Natural resources, bugs with guns, and everyone’s at war battling for territory, all while burying the nostalgic aspirations that the game so falsely leads you with. Needless to say, my hatred for all that walks on six legs hasn’t improved, and after playing MilitAnt I doubt that’s going to change. Remember that movie, Antz? Sylvester Stallone, Woody Allen and Sharon Stone? Late-90s movie by DreamWorks Animation that takes a pre Gears Of War approach in response to Pixar’s A Bug’s Life. No? Well, okay. MilitAnt is exactly that: Forgettable.
Taking an approach to gameplay much akin to Contra and Metal Slug, MilitAnt takes influence from the 2D shoot ’em ups of yesteryear and despite twenty-plus years of near-perfected game design, it somehow manages to dilute and degrade the experience. One thing that became immediately prominent after ten minutes or so of gameplay was the potential for what could have and should have been. The formula is there, the mechanics are there and heck, even the mediocre yet reasonable justification for gameplay resulting from its narrative is there. Problem is…it’s just not enjoyable to play.
The main issue with MilitAnt resides within its gameplay mechanics. To put it kindly, it’s awful. Where the game takes a two-dimensional perspective to its gameplay the player is greatly encouraged to continuously move, dodge and return fire on enemies. As the player is an Ant, he or she is given four guns to contempt with – firing two at a time by the means of the gamepad’s triggers and switching to the next before they overheat.
Well, that sounds fun, it sure does. But since the game’s aiming system is linked to the input of the right-analog stick which clearly demands the attention of my thumb, accuracy proves to be imprecise and poorly designed since simultaneous evasion also requires use of my thumb which is linked to the Dualshock 4’s "X" button – Biology 101: Human beings only have one thumb per hand. Insects may vary but they don’t play video games.
This wouldn’t be much of an issue if the player wasn’t continuously swarmed by enemies, but since the game is designed around the aspects of an onslaught bulletstorm, the cumbersome aiming-mechanics directly conflict the design. Aiming while shooting while jumping simply borders the line of impossibility. Contra damn-near perfected this –28 years ago. This dreadful experience is also made worse by the fact that enemies don’t seem to receive any hit-damage when in-close proximity of the player.
Sure, I could just slash them with my…Ant-blades, which also happen to come in handy for deflecting bullets, but since the gameplay design dictates that the player must keep moving and the visual response of using such weapons provides no visual feedback, you’re simply left frustrated pretending to enjoy the game. By the way, if you’re not facing the direction of incoming fire you’ll be deflecting nothing but the muddy scent of the ground that sits beneath your feet.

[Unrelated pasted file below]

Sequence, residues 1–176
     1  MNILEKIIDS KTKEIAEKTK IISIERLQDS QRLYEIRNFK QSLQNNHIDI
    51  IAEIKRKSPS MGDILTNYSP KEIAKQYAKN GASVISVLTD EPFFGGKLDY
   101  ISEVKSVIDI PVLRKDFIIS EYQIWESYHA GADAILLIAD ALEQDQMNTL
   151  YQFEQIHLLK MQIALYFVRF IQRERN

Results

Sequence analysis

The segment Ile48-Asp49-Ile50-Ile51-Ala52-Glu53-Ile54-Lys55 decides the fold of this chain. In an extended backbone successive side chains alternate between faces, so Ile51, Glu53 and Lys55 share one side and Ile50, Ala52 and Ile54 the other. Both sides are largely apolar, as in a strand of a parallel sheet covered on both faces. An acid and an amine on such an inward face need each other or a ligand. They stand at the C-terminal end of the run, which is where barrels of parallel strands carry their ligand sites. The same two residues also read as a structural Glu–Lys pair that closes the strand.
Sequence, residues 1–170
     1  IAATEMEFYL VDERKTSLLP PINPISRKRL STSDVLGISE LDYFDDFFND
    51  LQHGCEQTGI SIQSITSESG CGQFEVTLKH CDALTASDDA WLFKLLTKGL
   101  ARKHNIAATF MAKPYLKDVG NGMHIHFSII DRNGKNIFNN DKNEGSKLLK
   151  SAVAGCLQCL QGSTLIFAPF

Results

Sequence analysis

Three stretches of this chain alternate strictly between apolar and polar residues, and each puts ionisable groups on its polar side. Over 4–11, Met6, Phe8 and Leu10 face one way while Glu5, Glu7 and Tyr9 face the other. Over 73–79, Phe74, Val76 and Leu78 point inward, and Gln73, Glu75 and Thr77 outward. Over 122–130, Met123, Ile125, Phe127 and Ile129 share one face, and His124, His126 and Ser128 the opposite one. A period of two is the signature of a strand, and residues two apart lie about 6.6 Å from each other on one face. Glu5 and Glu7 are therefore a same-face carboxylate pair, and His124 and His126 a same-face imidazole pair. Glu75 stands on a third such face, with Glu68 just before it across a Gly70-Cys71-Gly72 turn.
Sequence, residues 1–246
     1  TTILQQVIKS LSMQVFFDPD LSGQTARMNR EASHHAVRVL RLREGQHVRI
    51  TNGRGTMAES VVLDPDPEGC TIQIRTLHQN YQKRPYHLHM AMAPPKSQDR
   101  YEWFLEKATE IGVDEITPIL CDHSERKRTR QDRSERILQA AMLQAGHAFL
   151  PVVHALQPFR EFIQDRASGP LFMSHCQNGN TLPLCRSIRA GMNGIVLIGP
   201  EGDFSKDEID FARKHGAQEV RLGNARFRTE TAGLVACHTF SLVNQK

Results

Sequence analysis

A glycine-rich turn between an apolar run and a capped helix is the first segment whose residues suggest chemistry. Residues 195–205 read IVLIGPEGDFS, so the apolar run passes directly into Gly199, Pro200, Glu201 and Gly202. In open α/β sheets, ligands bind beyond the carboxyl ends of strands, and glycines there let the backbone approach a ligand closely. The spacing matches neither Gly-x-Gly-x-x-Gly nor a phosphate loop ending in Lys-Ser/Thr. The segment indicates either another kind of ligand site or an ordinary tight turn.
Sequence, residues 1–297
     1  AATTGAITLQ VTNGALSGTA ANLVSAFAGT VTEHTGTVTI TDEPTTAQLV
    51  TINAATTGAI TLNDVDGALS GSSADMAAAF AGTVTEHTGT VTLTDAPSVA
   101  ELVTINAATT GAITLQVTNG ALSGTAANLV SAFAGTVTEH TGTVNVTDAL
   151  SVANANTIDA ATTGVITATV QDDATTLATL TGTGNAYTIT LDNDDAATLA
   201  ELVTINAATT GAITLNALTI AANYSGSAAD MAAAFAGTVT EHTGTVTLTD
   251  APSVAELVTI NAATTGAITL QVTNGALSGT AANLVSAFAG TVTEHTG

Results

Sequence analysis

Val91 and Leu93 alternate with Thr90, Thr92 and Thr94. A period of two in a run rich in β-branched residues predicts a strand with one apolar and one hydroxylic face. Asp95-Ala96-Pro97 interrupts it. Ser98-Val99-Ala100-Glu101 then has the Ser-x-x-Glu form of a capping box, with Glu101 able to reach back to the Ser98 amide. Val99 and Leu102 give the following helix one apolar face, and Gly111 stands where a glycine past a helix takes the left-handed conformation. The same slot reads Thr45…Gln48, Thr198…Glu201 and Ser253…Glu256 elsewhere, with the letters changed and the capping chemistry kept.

Everything that the game has to offer resides within its first level and the experience ceases to expand beyond it. The only thing that actually progressed was my accumulation of upgrade points which I could then use to buy new weapons. While the game allows you to equip each weapon to one of four hands, because you know –Ants, the game itself encourages no excitement whatsoever to even bother. The repetitive nature of struggling to gun your way through combat while attempting to run past enemies doesn’t improve the longer the player continues to suffer the game.
There’s no redeeming qualities about the game that deserve players time. Had the game been enjoyable to begin with then it wouldn’t matter how repetitive it is, but as the only change comes from battling militarized Wasps to tank-built cockroaches in the form of ham-fisted, pretentious boss battles where you’re simply shooting away until its health bar disappears, there’s nothing to keep players invested for the rest of the game.
The creativity is there – it’s present in each of the enemies and their respective design – but everything else is just a bore. The question of when I’m supposed to be excited or impressed by what it has to offer constantly pestered me. And that’s the problem: I wanted to enjoy it. The game’s level design is very much that of a typical 2D platformer: Jump on high ledges, avoid traps and pitfalls, destroy your foe. But since the game’s enemies are able to traverse in and out of the two-dimensional perspective, attempting to retain your aim while dodging those from others results in an inconvenient addition of something which adds nothing to the game.
The environments themselves are visually pleasing and they capture the theme of the game well. However, like most of the unfortunate civilians out there who had to endure such a dull and heart-wrenching experience, you probably won’t care.